In 1069 King Sweyn II of Denmark (age 50) sent an army to England to attack King William "Conqueror" I of England (age 41) in support of Edgar Ætheling II King England (age 18). Sveyn's (age 50) army captured York [Map] and were then bought off.

2nd Millennium, 11th Century Events, 1050-1099 Norman Invasion, Harrying of the North

On 28 Jan 1069 Robert de Comines Earl Northumbria was burned to death in Durham, County Durham [Map] when a rebel army set fire to the house in which he was staying. All his men were killed. In retaliation King William "Conqueror" I of England (age 41) commenced the Harrying of the North.

Between Nov 1069 and Mar 1070 the Harrying of the North was the near destruction of Lancashire, Yorkshire, County Durham, Northumberland, Westmoreland and Cumberland by King William "Conqueror" I of England (age 41) in response to a rebel army having killed his man Murder of Robert de Comines Earl Northumbria. Somewhat difficult to estimate its effect historians believe around 100,000 people were killed and sixty percent of property destroyed. King William "Conqueror" I of England (age 41) then replaced the nobilty with his own men to ensure future compliance.

2nd Millennium, 11th Century Events, 1050-1099 Norman Invasion, Battle of Mechain

In 1069 at the Battle of Mechain fought in Radnorshire, Powys the brothers Maredudd Cadelling and Idwal Cadelling attempted to regain control of Radnorshire, Powys from brothers Bleddyn ap Cynfyn King Gwynedd King Powys and Rhiwallon ap Cynfyn Mathrafal. Rhiwallon ap Cynfyn Mathrafal and Idwal Cadelling were killed. Maredudd Cadelling died of exposure following the battle.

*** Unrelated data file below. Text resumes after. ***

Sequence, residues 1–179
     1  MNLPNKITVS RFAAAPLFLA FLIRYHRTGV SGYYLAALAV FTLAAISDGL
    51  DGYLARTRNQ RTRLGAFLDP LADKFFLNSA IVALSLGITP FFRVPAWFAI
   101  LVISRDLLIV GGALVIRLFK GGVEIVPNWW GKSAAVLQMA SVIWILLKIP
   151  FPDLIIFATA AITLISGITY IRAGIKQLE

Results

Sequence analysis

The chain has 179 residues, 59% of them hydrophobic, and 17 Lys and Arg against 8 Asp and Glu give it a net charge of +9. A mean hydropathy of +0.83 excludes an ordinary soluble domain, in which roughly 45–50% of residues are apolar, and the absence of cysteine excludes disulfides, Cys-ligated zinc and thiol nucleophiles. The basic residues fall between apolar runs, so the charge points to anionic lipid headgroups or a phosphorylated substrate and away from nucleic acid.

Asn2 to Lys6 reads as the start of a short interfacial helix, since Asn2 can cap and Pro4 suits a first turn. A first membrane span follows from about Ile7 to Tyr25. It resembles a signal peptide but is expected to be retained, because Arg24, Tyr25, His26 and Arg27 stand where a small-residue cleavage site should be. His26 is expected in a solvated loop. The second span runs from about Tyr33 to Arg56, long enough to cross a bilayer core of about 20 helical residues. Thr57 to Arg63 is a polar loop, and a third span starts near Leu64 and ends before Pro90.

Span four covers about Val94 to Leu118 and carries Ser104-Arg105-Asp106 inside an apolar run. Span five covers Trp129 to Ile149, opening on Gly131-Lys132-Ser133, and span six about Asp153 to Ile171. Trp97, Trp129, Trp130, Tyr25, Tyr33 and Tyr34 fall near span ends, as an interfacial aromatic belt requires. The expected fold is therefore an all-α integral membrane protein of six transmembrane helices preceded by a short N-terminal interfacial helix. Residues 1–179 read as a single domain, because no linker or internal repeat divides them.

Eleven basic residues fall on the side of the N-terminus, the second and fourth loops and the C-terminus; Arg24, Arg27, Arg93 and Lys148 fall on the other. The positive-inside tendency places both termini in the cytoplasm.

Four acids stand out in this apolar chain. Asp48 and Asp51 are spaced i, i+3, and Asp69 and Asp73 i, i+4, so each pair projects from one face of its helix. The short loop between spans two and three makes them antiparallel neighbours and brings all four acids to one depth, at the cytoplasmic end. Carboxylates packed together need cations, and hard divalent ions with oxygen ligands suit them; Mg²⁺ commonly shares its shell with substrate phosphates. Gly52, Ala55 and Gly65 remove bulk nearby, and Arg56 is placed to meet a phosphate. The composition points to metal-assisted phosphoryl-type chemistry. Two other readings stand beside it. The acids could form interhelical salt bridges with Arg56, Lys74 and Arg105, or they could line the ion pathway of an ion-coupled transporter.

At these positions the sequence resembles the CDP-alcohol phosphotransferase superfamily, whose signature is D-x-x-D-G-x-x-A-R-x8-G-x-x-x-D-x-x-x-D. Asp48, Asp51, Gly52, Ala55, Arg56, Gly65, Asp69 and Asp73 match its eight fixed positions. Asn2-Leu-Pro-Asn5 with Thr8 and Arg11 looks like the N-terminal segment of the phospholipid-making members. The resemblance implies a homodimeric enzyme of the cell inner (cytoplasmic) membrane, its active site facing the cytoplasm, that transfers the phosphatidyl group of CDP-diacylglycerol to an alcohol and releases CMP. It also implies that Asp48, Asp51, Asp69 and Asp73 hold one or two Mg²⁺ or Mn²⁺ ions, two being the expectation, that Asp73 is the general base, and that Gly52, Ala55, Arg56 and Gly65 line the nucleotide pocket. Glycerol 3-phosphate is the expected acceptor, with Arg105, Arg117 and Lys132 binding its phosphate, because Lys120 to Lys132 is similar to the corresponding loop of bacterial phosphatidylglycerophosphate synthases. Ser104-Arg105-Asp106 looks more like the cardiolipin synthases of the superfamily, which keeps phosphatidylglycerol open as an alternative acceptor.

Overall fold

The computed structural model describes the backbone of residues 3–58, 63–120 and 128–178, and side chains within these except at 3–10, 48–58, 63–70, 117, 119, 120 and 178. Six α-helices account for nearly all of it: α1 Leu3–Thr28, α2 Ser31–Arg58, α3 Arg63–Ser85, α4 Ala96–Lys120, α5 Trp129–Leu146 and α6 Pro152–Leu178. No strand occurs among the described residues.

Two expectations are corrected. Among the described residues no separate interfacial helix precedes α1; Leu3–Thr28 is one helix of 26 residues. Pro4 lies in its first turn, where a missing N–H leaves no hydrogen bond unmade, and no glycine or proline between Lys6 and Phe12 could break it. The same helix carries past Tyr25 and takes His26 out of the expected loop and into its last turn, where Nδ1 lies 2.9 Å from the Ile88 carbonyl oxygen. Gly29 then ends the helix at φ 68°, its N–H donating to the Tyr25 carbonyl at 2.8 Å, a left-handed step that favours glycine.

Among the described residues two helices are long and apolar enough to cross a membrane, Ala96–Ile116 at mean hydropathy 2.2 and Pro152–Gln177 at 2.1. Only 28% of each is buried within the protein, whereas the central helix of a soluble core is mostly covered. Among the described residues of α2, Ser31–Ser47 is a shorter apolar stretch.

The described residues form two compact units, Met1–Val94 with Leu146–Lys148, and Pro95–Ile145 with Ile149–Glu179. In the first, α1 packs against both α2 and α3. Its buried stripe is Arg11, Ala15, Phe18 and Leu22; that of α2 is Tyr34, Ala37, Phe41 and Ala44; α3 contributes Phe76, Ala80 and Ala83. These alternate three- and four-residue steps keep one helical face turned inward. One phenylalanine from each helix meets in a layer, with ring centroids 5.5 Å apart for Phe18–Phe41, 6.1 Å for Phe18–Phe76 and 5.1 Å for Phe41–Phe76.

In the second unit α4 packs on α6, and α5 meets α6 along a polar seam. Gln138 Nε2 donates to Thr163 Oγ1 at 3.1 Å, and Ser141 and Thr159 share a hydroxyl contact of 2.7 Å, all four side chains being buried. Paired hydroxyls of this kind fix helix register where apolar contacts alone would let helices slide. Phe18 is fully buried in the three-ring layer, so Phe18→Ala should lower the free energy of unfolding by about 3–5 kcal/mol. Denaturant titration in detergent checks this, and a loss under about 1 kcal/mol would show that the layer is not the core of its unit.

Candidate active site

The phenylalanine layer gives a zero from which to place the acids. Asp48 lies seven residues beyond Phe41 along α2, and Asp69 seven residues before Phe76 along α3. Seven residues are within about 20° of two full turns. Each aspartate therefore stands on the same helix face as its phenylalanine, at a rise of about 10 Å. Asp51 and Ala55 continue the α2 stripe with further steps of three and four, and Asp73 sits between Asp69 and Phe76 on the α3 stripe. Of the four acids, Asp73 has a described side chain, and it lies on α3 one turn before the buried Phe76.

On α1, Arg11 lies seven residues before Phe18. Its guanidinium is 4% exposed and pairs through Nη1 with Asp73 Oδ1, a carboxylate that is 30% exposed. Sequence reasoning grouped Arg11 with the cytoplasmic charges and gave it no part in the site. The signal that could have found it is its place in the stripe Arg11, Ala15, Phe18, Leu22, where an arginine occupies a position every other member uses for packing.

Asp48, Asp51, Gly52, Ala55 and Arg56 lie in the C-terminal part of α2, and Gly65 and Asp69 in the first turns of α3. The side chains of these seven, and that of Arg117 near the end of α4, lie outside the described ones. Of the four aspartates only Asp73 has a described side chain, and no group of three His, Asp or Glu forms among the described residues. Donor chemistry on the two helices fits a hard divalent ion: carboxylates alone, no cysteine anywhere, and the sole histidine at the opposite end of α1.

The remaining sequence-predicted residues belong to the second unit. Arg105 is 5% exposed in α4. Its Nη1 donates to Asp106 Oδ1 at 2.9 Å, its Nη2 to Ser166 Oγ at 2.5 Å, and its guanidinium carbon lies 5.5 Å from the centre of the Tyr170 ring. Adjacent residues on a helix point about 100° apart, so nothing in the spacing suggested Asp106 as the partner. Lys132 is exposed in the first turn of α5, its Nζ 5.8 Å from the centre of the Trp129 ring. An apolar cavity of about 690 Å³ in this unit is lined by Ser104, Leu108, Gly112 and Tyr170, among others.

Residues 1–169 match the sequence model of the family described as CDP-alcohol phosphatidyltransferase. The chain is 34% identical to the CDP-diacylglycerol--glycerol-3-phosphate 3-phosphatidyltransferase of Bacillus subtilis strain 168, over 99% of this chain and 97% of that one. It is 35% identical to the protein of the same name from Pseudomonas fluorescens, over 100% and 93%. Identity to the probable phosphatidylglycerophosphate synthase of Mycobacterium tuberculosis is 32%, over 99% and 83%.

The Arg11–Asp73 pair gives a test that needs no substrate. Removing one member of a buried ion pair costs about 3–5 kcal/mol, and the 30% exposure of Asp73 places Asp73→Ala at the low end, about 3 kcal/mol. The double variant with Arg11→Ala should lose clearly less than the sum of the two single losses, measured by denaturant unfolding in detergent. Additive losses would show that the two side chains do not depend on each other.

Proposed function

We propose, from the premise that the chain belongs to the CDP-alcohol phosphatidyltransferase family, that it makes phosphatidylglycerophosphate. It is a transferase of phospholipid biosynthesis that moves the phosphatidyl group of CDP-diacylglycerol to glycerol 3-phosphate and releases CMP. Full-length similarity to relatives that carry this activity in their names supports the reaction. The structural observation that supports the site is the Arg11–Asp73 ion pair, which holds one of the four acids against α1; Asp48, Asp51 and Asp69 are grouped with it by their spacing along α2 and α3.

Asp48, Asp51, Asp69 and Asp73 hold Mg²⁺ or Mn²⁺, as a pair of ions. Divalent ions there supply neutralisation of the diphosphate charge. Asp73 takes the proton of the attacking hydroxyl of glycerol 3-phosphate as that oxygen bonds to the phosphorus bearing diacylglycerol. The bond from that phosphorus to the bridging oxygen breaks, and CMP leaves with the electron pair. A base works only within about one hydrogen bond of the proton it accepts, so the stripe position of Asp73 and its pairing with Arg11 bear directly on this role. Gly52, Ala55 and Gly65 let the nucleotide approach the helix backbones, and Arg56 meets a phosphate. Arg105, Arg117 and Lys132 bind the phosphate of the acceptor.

2nd Millennium, 11th Century Events, 1050-1099 Norman Invasion, Battle of Cassel

Anglo-Saxon Chronicle. 1070. Earl Baldwin (age 40) also died, and his son Arnulf (age 15) succeeded to the earldom. Earl William (age 50), in conjunction with the king of the Franks (age 17), was to be his guardian; but Earl Robert (age 37) came and slew his kinsman Arnulf (age 15) and the earl (age 50), put the king to flight, and slew many thousands of his men.

On 22 Feb 1071 Battle of Cassel was fought between uncle Robert "The Frisian" I Count Flanders (age 38) and nephew Arnulf III Count Flanders (age 16), supported by his mother Richilde Countess Flanders and Hainault and Philip "Amorous" I King France (age 18), over the succession of Flanders.

Arnulf III Count Flanders (age 16) was killed. His brother Baldwin Flanders II Count Hainault (age 15) succeeded II Count Hainault. Robert "The Frisian" I Count Flanders (age 38) was appointed I Count Flanders.

William Fitzosbern 1st Earl Hereford (age 51) was killed. His son Roger de Breteuil Fitzosbern 2nd Earl Hereford succeeded 2nd Earl Hereford.

Eustace Flanders II Count Boulogne (age 56) and his son Eustace Flanders III Count Boulogne fought for Robert. During the battle Robert "The Frisian" I Count Flanders (age 38) and Richilde Countess Flanders and Hainault were captured, and subsequently exchanged for each other.